(b) a skein of sock yarn as I’ve not tried socks yet (beautiful colour, gorgeously soft AND machine washable); (c) a circular needle for my current project.

3. I also bought (d) some chocolate from the one and only chocolate stand, which I somehow stumbled across almost immediately. No photo I’m afraid, as I’ve already eated it (predictable, moi?). I did share though.

4. I honestly saw a teenage boy there with hair that looked exactly like a sheep fleece. Seriously, look at these and you’ll see what I mean.

5. There were a lot of large ladies there. And I mean, A LOT. Getting around without bumping into any was, um, challenging.

6. The amazing textiles on display inspired me to pick up a needle and thread again at the weekend, something that’s taken a back seat to my near-obsessive knitting in recent months.

And the piece I restarted work on was itself originally inspired by a sampler I saw at the show the previous time I went. Jan Beaney and Jean Littlejohn, eat your heart out.

busy doing nothing

Posted on Updated on

Since being inspired to take up knitting after stumbling across Kate Davies’ blog, I’ve been reading more craft blogs, which has also encouraged me to return to sewing; not so much needlework at the moment but machine sewing. I treated myself to a new machine a couple of years ago, replacing my old Singer that was my 18th birthday present, and was thrilled with how easy the new one was to use and how quickly it would run things up. Although I’ve done some fairly mundane stuff on it – taking hems up, sewing badges on for the girls, that kind of thing – recently I’ve done a few small projects that I’ve been able to complete in a day.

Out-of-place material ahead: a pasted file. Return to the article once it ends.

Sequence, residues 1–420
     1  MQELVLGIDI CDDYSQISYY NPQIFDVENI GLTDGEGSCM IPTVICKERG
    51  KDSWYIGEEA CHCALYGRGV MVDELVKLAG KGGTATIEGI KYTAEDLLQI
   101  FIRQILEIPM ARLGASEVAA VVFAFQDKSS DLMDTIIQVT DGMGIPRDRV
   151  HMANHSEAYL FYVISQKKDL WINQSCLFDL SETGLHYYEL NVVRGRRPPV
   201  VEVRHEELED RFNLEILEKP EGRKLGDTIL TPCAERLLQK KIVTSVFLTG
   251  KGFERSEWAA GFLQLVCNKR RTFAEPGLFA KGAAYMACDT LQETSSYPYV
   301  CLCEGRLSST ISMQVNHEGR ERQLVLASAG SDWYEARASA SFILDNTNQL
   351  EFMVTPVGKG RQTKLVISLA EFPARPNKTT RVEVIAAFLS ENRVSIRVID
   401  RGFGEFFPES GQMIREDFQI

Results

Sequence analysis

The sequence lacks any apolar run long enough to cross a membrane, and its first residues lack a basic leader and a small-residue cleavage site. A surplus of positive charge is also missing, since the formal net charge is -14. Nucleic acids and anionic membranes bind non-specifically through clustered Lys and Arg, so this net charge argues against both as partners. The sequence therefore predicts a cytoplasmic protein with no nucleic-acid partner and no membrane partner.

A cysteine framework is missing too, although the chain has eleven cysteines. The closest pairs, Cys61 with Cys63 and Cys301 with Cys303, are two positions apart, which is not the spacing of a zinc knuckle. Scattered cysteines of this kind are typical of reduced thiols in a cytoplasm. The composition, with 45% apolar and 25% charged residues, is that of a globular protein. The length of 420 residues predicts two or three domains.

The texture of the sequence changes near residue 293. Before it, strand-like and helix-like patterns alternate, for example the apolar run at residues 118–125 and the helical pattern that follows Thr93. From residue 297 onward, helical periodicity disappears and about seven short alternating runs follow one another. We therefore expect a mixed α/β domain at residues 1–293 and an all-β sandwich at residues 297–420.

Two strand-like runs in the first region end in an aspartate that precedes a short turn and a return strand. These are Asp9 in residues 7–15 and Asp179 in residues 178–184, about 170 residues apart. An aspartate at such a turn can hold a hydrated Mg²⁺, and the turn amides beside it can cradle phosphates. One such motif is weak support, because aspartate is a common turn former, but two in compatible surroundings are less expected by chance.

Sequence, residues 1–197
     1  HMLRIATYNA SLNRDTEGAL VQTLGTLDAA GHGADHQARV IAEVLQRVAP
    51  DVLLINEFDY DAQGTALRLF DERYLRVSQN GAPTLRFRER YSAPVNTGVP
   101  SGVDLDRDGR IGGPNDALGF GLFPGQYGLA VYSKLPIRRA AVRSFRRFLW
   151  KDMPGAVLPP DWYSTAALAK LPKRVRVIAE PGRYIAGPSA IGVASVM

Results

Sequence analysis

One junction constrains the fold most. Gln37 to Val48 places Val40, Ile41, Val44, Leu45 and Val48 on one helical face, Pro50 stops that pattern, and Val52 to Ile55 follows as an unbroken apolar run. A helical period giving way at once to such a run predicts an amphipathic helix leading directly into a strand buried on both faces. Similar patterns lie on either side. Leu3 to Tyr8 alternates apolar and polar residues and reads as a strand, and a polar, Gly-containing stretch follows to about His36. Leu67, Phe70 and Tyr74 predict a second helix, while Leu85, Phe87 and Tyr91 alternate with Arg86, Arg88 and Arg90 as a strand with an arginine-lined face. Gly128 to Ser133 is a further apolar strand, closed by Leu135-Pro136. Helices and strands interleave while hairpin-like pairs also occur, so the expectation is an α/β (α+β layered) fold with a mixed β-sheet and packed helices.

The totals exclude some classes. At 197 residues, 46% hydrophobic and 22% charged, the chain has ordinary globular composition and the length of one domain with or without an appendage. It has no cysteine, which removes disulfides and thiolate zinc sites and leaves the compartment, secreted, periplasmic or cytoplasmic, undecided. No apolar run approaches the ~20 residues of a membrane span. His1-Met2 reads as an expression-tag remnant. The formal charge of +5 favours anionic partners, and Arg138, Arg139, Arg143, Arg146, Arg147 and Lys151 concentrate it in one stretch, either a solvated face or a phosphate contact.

A cushion for my sewing stool was the first one, the logic being that I would then have somewhere comfortable to sit while working on subsequent projects. With the same fabric I then made a Two Kates knitting bag, pattern courtesy of the aforementioned Kate Davies. Having seen the gorgeous items produced by Sarah on sazmakes, including this potholder and this quilt, I’m itching to have a go at quilting next; I did some for my never-completed City & Guilds in Embroidery many moons ago, so I’m sure I can get my head round it again.

In the meantime, my knitting obsession is still going strong, having churned out three more sets of handwarmers, two hats, a scarf, a pair of slipper socks, a jumper and the best part of a lap blanket (shamelessly plagiarised inspired by this one) since my first foray 18 months ago. If you’re into such things, you can find most of these on my Ravelry, apart from the blanket as it’s still in progress…